It always happens when I write up a tutorial: I take more photos than necessary at the beginning, and then get so involved with the project that I forget to take any during the end. This time was no exception. After I finished the roof of the three walled kit, I decided to add the fourth wall with a door. I had to remove all the stones on the sides of the walls adjoining the new wall so I could replace them with stones that wrapped the corners. I was not happy about that, but I'm glad I did it because it really does make a difference. (I know this because I originally thought I could get away with replacing only a couple of stones on each side. I was wrong about that.)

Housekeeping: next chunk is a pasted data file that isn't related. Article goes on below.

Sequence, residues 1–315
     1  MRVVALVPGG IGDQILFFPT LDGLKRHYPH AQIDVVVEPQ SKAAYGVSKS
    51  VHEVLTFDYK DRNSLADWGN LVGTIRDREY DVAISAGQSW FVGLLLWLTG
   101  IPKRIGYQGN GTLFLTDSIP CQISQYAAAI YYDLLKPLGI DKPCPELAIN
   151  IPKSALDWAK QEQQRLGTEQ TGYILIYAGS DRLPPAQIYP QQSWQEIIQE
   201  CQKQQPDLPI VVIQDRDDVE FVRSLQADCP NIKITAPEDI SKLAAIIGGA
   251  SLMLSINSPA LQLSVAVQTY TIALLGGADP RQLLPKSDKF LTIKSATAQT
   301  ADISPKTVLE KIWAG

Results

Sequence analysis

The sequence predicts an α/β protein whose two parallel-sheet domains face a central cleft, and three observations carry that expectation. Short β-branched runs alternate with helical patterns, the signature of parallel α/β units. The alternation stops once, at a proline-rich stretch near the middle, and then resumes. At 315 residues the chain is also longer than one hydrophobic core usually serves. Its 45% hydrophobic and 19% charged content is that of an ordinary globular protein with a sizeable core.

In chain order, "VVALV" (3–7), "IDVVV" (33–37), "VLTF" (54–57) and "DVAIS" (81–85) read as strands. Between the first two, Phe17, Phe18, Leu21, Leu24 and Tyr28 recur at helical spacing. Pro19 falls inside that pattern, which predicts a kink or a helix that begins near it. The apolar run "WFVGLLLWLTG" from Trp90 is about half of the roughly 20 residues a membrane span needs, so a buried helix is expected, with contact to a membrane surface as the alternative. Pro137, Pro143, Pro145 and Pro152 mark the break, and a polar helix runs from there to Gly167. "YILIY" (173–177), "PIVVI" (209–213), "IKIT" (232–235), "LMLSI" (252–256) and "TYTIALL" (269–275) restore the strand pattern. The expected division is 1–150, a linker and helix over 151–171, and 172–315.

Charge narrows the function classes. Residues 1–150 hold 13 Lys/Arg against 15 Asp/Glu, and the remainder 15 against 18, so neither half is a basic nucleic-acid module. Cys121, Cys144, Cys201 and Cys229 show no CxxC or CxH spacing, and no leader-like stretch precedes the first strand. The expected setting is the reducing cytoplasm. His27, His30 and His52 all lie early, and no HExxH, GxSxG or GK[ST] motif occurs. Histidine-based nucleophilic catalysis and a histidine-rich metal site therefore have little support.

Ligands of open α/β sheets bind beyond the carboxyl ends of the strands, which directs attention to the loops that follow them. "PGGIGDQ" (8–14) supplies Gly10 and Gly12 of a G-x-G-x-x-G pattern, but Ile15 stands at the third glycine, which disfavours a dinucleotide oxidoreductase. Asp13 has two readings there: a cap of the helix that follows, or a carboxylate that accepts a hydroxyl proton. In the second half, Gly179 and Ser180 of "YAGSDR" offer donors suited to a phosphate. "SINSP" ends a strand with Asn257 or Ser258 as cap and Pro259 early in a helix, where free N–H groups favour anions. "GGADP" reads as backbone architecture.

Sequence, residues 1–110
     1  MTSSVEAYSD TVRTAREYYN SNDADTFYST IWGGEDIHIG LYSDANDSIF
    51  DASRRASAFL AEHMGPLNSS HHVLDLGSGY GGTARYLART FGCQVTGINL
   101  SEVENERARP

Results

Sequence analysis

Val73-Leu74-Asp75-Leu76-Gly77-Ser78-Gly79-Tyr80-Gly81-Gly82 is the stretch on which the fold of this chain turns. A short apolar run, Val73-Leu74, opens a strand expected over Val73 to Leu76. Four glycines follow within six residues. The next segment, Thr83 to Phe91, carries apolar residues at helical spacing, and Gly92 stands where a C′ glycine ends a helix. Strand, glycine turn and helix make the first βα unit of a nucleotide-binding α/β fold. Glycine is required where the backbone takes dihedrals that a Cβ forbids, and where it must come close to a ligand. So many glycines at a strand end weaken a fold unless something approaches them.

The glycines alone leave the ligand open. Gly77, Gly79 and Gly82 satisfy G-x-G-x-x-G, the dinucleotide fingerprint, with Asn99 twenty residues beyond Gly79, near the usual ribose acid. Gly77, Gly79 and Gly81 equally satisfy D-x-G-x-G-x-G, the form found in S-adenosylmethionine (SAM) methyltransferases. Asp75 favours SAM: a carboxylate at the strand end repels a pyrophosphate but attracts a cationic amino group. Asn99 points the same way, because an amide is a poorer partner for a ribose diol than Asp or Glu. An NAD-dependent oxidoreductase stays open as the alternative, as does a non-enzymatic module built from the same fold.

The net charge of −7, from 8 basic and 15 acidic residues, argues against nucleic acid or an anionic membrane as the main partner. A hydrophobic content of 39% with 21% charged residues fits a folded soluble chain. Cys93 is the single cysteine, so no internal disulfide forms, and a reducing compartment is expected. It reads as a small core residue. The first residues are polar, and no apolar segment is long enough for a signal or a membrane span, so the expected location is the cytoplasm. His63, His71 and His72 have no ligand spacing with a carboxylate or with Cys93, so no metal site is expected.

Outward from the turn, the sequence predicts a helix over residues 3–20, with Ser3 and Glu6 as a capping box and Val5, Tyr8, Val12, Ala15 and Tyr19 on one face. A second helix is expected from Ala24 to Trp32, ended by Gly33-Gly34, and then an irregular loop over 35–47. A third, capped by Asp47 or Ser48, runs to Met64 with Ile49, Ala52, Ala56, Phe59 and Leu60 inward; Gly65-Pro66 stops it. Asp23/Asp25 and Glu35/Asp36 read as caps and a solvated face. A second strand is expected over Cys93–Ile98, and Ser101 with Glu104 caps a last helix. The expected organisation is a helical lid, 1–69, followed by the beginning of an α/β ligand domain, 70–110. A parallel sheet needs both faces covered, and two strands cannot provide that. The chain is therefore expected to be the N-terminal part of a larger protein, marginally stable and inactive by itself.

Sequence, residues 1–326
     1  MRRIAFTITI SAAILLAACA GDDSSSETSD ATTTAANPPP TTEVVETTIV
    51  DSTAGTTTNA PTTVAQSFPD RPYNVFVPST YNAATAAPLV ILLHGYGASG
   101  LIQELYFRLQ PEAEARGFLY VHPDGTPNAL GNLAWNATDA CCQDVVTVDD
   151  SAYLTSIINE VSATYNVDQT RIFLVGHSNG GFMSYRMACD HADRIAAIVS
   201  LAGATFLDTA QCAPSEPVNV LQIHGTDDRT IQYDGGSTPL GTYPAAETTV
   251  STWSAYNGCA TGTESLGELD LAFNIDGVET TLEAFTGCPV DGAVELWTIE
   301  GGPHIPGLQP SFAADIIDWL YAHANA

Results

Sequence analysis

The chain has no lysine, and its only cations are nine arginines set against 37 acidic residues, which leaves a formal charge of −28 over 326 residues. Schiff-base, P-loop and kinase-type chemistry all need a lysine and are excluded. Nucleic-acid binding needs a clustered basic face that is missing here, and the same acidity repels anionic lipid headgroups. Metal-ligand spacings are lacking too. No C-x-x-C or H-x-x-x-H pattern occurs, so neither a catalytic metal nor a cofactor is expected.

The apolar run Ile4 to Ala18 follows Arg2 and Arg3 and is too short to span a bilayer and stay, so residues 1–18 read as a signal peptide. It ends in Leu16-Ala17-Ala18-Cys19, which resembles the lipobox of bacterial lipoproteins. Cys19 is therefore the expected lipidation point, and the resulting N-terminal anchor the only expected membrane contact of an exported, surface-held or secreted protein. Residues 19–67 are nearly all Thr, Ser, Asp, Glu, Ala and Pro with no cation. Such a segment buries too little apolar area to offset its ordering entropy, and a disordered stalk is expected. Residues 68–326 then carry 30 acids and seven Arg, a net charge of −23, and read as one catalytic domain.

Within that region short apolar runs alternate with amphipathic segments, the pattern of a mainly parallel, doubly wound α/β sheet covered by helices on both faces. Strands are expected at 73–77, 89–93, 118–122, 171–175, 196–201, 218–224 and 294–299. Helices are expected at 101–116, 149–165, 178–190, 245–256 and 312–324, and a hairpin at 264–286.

The door is a thin piece of wood I found in my husband's workshop and cut to size. The hinges and knocker came from Alpha Stamps and were altered to look like iron. Once the wall was done and the door was in place (the hinges were glued on with E6000), I used white glue to attach some moss around the bottom and some vines growing up the sides. The house seemed like it needed just one more little something, so I gave it an address: Number 8. Grandma's house.

For supplies, and to see this month's art kit, head on over to Alpha Stamps!

15 comments:

  1. Just amazing Kristin! Top of an egg carton for stones? Who knew? They came out just like stone. In one of your photos, it looks like you placed plastic (?) behind the windows...or did you use glass? Either way, this little house is fantastic. Thanks for the tutorial...great ideas:)

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  2. Thank you! Actually, the windows don't have either plastic or glass behind them. Bugs could get in!